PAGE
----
As we enter the next decade, lets think ‘outside of the box’ when we think about what can be done with our riverfront.  What can our generation contribute to the long-term benefit of our city in this area?  Other generations gave us the lakes and land around those lakes for public access, another generation the parkway system, and still another the Recreation Center System.  What will our generation’s contribution to our city be?  I suspect it will be the revitalization of our downtown and riverfront.  This is good for the entire city and will broaden our tax base.  The cleanup of the central riverfront which cost $300 million generated >$1.9 billion in new development to date.  Clearly, this was a good investment for our City and State.  It is obvious to me that continued attention and improvement to this area will have huge long-term benefits for our city and its’ residents.

Please be involved, vocal, opinionated, creative, open and engaged as we embark on a very exciting time for our city.  Fell free to call or write me at any time with your thoughts and ideas and please participate in our current citizen engagement process (go to www.minneapolisparks.org to get the meeting schedules) that is helping to vision what could, and should, be done to this incredible area.

John Erwin

Citywide (At-Large) Park Board Commissioner,

President of the Park Board

About David Tinjum

David Tinjum has been writing about, and photographing the Central Riverfront of Minneapolis and it's surrounding neighborhoods since co-founding Mill City Times 4 years ago. He a software entrepreneur, Chair & Co-Founder of the Mill District Neighborhood Association, and a member of the Minneapolis Central Riverfront Regional Park CAC.

3 thoughts on “Opinion: Ideas for the Minneapolis Riverfront

  1. Adam MillerAdam

    It’s interesting to me that this letter makes no mention of the one ingredient that’s essential to make arts, entertainment, culinary and other amenities work: population.

    Obviously the Mill District has added quite a bit of housing over the last decade. But how do we add more and how do we make sure it’s occupied? Without people to dine and shop and browse, none of these suggestions — which are worthwhile and part of the means of attracting population — will be as successful as past attempts.

  2. David Tinjum Post author

    Adam – Here are some housing unit stats in the area bounded by 3rd Ave S to the North and 35W to the South, and 3rd St S to the West and the Mississippi River to the East:

    1,265 – September 2009 (when we moved to the neighborhood)
    1,725 – September 2013
    2,789 – September 2015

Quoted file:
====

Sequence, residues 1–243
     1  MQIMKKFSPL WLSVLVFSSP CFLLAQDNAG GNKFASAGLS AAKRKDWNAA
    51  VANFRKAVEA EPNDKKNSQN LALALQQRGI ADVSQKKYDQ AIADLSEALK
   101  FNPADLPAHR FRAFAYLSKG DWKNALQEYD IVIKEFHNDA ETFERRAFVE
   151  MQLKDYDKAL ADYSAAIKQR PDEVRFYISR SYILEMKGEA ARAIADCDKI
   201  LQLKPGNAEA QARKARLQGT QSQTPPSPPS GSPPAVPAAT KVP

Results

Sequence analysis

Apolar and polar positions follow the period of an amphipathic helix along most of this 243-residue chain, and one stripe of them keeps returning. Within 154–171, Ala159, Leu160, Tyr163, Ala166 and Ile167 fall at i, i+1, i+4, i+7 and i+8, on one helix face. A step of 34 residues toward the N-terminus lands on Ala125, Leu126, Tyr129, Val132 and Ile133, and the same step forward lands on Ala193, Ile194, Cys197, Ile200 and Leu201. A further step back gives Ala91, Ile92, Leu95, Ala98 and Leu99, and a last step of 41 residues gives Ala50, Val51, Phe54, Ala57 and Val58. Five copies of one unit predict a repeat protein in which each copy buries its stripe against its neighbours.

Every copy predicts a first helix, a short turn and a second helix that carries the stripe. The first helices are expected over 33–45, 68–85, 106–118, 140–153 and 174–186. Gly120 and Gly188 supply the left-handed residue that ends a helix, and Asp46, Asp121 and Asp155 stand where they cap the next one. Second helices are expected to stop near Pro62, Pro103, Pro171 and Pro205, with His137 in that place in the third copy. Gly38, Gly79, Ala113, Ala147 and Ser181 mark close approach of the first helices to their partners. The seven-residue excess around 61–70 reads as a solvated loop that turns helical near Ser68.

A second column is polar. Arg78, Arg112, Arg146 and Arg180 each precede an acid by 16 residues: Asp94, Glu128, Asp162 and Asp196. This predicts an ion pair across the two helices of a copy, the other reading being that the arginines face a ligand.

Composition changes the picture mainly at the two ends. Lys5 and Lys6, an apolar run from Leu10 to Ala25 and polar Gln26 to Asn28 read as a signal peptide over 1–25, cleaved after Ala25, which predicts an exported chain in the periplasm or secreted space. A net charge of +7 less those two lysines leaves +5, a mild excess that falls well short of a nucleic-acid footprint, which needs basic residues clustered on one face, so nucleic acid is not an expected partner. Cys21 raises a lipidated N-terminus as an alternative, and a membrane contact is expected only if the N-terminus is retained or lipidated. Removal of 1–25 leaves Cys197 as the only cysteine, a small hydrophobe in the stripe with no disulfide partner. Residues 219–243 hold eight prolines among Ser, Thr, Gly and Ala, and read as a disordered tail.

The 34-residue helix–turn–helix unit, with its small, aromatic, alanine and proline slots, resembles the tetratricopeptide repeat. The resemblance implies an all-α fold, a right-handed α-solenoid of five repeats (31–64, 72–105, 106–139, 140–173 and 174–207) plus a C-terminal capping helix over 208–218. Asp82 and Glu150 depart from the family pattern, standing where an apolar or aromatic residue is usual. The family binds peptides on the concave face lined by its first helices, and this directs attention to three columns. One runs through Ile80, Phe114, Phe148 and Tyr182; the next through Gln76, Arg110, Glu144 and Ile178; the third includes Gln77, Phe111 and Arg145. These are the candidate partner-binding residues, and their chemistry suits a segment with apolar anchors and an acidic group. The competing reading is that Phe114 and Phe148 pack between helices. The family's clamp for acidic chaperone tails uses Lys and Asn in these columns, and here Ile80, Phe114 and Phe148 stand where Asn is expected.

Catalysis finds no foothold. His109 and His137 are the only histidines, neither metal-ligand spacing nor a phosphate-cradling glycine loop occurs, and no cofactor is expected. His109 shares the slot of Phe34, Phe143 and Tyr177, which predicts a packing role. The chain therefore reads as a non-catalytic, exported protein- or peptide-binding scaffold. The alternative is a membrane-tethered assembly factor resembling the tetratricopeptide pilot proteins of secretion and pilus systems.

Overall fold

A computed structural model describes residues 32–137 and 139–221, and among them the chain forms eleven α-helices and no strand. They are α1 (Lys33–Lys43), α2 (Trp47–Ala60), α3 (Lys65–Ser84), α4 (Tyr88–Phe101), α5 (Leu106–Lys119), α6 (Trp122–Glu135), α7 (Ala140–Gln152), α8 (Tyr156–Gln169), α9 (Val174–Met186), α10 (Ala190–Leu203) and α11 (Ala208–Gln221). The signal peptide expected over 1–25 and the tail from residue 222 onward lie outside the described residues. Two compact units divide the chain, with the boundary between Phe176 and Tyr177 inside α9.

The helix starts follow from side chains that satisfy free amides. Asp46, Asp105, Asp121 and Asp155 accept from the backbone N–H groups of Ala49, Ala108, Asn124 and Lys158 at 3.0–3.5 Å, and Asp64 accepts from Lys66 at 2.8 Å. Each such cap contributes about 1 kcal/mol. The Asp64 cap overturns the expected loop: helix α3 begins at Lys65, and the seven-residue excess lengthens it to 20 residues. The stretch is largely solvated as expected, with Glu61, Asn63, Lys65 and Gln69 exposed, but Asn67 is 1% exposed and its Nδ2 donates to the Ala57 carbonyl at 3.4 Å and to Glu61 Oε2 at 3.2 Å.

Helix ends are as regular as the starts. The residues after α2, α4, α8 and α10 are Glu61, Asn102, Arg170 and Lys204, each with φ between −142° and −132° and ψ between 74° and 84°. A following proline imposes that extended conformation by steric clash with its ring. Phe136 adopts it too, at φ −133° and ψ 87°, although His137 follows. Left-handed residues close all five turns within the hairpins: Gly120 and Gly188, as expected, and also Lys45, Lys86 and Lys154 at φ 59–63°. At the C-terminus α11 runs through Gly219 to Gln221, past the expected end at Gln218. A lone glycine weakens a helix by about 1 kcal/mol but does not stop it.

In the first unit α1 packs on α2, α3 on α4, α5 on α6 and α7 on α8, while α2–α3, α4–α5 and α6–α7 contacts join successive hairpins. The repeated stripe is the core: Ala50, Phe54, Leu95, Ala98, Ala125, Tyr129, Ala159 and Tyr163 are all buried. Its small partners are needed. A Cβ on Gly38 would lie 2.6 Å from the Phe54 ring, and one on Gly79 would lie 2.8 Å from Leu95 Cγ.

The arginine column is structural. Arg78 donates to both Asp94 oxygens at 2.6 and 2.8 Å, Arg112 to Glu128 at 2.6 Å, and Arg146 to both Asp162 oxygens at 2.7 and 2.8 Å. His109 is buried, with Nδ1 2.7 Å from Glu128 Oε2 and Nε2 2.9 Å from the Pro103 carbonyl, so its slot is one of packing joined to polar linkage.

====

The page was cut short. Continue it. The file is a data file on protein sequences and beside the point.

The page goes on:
The 2015 number includes units under construction and planned. The numbers reflect a combination of rental and owner occupied. Percentage wise, the area has been experiencing pretty good growth.

    A quick eye ball of the area shows about 4 square blocks combined that could be reasonably expected to be developed over the next several years, factoring in current ownership and use. So there’s still significant room for growth. The Stadium/Ryan developments have already started behind the scenes discussions on several parcels in the area.

  3. Cameron ConwayCameron

    I definitely agree that residential population is the spearhead when it comes to keeping people near the waterfront. I’d argue further that the built environment surrounding the waterfront is critical in establishing it as a destination, more so than any one site. All these ideas are great, but even them all in tandem don’t necessarily make a great place. Waterfront parks are great, but they’re spectacular when combined with other active pedestrian destinations.

    I think the number one thing that is missing in this area is “places to go” of every variety. Clearly restaurants and shops come with population density, but I think it’s really important that the design of infill residential ends up not just serving it’s point in time, but also a greater long term vision for the area. I think it’s a real waste when a new development features no retail but sits along a neighborhood’s premier commercial stretch. It’s really important that the northern lots along Hennepin and Nicollet feature pedestrian oriented commercial space, creating a ‘path’ towards the waterfront. Those streets are already some of the most walkable places downtown, and to not tap into that pedestrian intertia seems pretty foolhardy.